SHOW NOTES: 2018-12-13 MiM

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Last Week’s Question of the Week: In 2018 & 2019, how much money are you allowed to gift per person? Is it $10,000, $15,000 or $20,000 per person?

ANSWER: You are allowed $15,000 per person.

HOST: Today’s topic revolves around the impact of rising health care costs on your future retirement income. What do we need to keep in mind?

KLAAS FINANCIAL: Yes, we want to spend time today reviewing one mistake that we would like our listeners to avoid and hopefully be able to plan better for as you plan for retirement. And, that mistake would be: Retiring without considering health insurance costs. There are many things to consider, especially if you are under 65.

  • Overall health needs to be taken into consideration. Should we retire sooner given our own family history or our current health, or partners health?
  • Importance of age 65. Medicare eligibility AGE (not to be confused with your full SS retirement age around 66/67).
  • Medicare. This is the federal health insurance program for 65 or older, certain younger people with disabilities, and people with End-Stage Renal Disease.
  • Different parts of Medicare help cover specific services: Medicare Part A (Hospital Insurance) Part A covers inpatient hospital stays, care in a skilled nursing facility, hospice care, and some home health care. Medicare Part B (Medical Insurance) Part B covers certain doctors’ services, outpatient care, medical supplies, and preventive services.
  • Costs for Medicare Supplements. Anywhere from $100-$300 per month to help with the gaps. And also, prescription coverage – PART D will have a cost.

HOST: What about COBRA? What is this exactly? Isn’t it expensive?

KLAAS FINANCIAL: Yes, COBRA can be an option for some employees.
COBRA normally lasts for 18 months of coverage, but could be extended for up to 36 months based on different situations. COBRA can benefit people under age 65 who get laid off or retire.

The Consolidated Omnibus Budget Reconciliation Act (COBRA) requires most group health plans that have at least 20 employees, to provide a temporary continuation of group health coverage that otherwise might be terminated. COBRA requires continuation coverage to be offered to covered employees, their spouses, their former spouses, and their dependent children when group health coverage would otherwise be lost due to certain specific events.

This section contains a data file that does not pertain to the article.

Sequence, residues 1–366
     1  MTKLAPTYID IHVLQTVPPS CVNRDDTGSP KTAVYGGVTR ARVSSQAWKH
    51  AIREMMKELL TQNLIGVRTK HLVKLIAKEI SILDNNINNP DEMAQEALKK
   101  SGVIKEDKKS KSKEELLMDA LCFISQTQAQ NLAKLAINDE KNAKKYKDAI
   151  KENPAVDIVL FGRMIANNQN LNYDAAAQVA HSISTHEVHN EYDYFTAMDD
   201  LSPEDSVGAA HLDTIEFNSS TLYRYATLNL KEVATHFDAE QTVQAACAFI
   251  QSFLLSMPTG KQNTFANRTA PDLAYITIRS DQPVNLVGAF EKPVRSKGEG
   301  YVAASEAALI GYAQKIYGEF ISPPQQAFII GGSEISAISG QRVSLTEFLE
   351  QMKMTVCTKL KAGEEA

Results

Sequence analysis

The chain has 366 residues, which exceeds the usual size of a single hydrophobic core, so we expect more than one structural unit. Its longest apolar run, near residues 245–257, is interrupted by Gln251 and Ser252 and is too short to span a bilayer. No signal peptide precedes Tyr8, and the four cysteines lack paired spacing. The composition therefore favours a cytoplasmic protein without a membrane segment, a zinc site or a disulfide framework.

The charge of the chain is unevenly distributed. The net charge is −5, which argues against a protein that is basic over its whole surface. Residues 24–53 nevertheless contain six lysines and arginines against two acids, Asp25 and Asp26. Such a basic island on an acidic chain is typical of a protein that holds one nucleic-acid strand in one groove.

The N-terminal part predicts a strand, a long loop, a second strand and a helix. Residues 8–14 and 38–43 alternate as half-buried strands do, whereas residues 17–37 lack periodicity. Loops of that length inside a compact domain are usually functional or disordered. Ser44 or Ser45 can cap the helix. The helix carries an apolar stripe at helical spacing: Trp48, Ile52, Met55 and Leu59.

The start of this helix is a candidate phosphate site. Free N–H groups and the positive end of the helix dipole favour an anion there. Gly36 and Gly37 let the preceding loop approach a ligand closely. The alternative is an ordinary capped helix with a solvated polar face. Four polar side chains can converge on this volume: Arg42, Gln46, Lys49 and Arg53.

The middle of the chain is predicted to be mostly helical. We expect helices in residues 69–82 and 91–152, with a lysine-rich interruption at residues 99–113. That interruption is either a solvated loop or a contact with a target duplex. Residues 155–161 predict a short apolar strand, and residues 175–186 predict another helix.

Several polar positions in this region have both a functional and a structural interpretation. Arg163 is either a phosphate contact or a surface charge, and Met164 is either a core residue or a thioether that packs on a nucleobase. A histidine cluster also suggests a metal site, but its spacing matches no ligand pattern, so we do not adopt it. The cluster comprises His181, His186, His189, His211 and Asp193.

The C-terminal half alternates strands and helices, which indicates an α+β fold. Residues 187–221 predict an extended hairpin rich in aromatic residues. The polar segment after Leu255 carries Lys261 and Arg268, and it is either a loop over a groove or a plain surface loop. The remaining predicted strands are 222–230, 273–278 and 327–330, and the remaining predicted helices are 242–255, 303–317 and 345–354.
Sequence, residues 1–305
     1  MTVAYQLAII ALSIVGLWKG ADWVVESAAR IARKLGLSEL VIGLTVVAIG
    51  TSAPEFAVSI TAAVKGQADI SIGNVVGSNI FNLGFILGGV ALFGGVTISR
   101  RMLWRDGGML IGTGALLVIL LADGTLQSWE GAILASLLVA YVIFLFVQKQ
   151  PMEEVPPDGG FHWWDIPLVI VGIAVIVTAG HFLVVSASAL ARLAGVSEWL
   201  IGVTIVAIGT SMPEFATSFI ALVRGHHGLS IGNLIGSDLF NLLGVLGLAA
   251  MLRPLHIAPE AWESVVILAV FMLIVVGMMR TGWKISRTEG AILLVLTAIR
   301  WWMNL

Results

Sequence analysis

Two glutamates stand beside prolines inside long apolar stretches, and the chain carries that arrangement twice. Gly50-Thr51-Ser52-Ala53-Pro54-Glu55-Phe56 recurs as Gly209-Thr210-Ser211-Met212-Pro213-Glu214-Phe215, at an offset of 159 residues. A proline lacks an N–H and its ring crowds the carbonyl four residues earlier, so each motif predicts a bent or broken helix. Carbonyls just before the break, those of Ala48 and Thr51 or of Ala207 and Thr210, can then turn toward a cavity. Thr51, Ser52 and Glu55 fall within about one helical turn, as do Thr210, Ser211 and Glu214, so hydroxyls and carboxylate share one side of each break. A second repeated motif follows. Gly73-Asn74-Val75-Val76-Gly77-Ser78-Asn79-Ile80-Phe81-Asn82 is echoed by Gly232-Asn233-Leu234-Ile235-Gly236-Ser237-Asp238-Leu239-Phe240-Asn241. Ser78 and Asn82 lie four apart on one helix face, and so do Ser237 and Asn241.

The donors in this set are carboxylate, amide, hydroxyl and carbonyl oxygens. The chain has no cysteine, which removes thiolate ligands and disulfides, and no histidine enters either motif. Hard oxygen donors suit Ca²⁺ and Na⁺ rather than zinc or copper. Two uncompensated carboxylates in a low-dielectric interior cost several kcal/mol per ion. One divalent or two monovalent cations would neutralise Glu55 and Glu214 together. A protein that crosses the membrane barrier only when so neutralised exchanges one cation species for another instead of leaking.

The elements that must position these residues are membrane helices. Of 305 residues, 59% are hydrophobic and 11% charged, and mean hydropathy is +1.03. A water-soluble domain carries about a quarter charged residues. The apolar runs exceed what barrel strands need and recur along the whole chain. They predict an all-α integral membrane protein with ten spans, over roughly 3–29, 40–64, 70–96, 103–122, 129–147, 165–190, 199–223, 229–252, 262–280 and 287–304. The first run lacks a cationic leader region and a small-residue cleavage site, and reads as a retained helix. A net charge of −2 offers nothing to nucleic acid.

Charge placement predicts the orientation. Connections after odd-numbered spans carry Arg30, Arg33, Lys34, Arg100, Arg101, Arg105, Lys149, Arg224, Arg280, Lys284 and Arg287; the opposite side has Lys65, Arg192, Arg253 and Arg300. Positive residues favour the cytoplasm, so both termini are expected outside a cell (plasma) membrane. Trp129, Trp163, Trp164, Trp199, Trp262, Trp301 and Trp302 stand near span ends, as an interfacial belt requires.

Employers may require individuals who elect continuation coverage to pay the full cost of the coverage, plus a 2 percent administrative charge. The required payment for continuation coverage is often more expensive than the amount that active employees are required to pay for group health coverage, since the employer usually pays part of the cost of employees’ coverage and all of that cost can be charged to the individuals receiving continuation coverage.

IF YOU DON’T HAVE COBRA, there’s the Affordable Care Act. The average cost of health insurance for an individual between the ages of 62-65 in the United States is MORE THAN $400 PER MONTH, and can obviously be more as determined by health, deductible, income, type of coverage, age and gender. If you are talking about a couple retiring before age 65, ACA costs can easily be $800+ per month.

HOST: How much should we estimate that people will pay out of pocket in retirement for health care costs?

KLAAS FINANCIAL:  We like to provide facts, or at least good estimates of averages on this show. According to a Fidelity estimate in April of 2018, the average couple retiring today at age 65 will need $280,000 to cover health care and medical costs in retirement.

The good news is that the figure is up only 2% from last year’s estimate of $275,000, a smaller-than-average increase. The bad news, of course, is that it’s still a huge number, reinforcing the fact that Medicare coverage is neither free nor completely comprehensive. Fidelity’s estimate assumes premiums for Part B doctor coverage and Part D drug coverage, out-of-pocket costs such as deductibles, as well cost-sharing requirements for drugs. It also includes certain services and devices that Medicare doesn’t cover, such as hearing aids.

HOST: Obviously, it could cost more or less, correct?

KLAAS FINANCIAL:  Yes, that’s just a ballpark number. The true cost depends on a variety of factors like your health and how long you will live. There is also ongoing uncertainty about what the healthcare landscape will look like in the future. So the question is what can you do to help with these future, uncertain costs. Our suggestions:

  • Budget for this item now. Many upcoming retirees, and people getting ready to transition out of the workforce, forget to budget for health care when they estimate their expense in retirement. Why? Their employer is often picking up the majority of the tab (usually about 75 percent) and the remaining cost (average is about 25 percent) comes out of their paycheck. They think they need the same amount of take-home pay that they currently have — but they forget that they will now be responsible for paying their health care premiums in addition to the out-of-pocket costs.
  • Add money into a health savings account if you are able. 2019 HSA contribution limits are: HSA contribution limit (employer + employee): Self-only: $3,500; 
Family: $7,000. For HSA catch-up contributions (age 55 or older): $1,000.
  • Stay healthy. Take charge of your medical care and do research.
  • Visit your dentist every six months. Cardiovascular disease shows up in your gums first. A dentist that pays attention may notice something long before your doctor does.


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Catch C.J. Klaas and Maleeah Cuevas on Money in Motion every Thursday on Madison's 1310 WIBA from 8:05-8:35am.